Former prime minister Malcolm Turnbull has announced he has tested positive for COVID-19.
“Like hundreds of thousands of other Australians I have tested positive for COVID. Symptoms moderate so far. Isolating as required,” Turnbull wrote on Twitter on Saturday.
“This pandemic and especially this latest wave has put our health professionals under enormous pressure—please be polite and considerate when dealing with the front-line health workers.
“They have had two years of relentless pressure and it’s now at its most intense. So give them the love and respect they deserve, please.”
Turnbull’s announcement follows Federal Treasurer Josh Frydenberg’s positive diagnosis on Friday.
Meanwhile, overpriced COVID-19 rapid antigen tests may be a thing of the past as new laws kick in.
As of Saturday, RAT kits have been listed on Australia’s biosecurity determination, making price gouging on the essential items illegal.
Retailers caught marking up kits by more than 20 percent of the supply price now face a penalty of $66,000 and up to five years’ jail.
At the beginning of the pandemic personal protective equipment such as masks and hospital gowns as well as hand sanitiser were added to the biosecurity list to prevent prices being hiked.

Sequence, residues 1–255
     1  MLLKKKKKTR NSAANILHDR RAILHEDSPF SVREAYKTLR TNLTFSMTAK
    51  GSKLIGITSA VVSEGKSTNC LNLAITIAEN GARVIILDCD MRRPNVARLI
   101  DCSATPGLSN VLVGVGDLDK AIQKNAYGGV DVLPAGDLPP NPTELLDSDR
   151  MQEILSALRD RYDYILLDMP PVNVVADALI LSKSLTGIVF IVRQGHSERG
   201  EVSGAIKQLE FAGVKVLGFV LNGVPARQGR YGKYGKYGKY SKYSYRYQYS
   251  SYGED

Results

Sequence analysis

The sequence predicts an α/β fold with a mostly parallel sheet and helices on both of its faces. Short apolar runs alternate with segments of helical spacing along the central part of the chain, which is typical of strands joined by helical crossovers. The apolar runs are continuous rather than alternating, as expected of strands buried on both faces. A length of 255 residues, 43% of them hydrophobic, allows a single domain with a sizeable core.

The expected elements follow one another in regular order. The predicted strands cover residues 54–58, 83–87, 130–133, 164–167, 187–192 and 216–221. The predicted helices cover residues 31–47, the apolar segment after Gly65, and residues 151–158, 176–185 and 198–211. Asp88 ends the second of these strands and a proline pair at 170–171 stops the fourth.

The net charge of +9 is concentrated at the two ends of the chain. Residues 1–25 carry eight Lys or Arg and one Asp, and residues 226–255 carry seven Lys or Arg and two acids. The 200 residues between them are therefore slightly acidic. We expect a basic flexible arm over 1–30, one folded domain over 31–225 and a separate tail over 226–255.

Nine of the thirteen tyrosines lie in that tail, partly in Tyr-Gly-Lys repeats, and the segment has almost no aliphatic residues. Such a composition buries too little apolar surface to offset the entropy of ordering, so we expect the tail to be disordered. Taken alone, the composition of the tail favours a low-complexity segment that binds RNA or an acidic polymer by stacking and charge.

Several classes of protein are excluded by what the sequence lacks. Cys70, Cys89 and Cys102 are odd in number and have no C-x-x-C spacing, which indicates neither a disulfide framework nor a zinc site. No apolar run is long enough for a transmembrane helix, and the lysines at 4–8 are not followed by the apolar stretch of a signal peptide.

The determination also controls the export of items on the list to prevent overseas buyers taking Australian stocks.
Health Minister Greg Hunt said the government is taking “the strongest possible actions” to prevent profiteering.
Meanwhile, states are moving to record positive rapid antigen test results as part of daily case numbers, alongside PCR test results.
As a result, Victoria’s daily infection figure more than doubled on Saturday to 51,356 from less than 22,000 the previous day.
More than half (26,428) the new cases were revealed using RATs.
However officials said only 5,923 of them were from the 24-hour reporting period and most belonged to people who took the test earlier in the week and lodged the result on Friday when reporting went live.
Victoria and Tasmania have introduced a system where people who test positive to a RAT can inform authorities online.
New South Wales is yet to finalise its reporting system but expects to have something similar ready next week.
It posted another 45,098 cases from regular lab tests and nine deaths on Saturday, while acknowledging the case numbers were likely an underestimate.
Some 1,172 Tasmanians self-reported their positive status, leading to a spike of 2,223 new cases or 800 higher than Friday’s figure and almost triple Thursday’s.
The new reporting requirements across the country come amid concerns the number of people with the virus is far higher than official figures.
On Friday night Frydenberg was isolating with his family after his diagnosis.
“My thoughts are with all those who have COVID—this is a difficult time but we will get through this,” he said.
Friday was another record day of case numbers with more than 78,000 reported in Australia.
By Maeve Bannister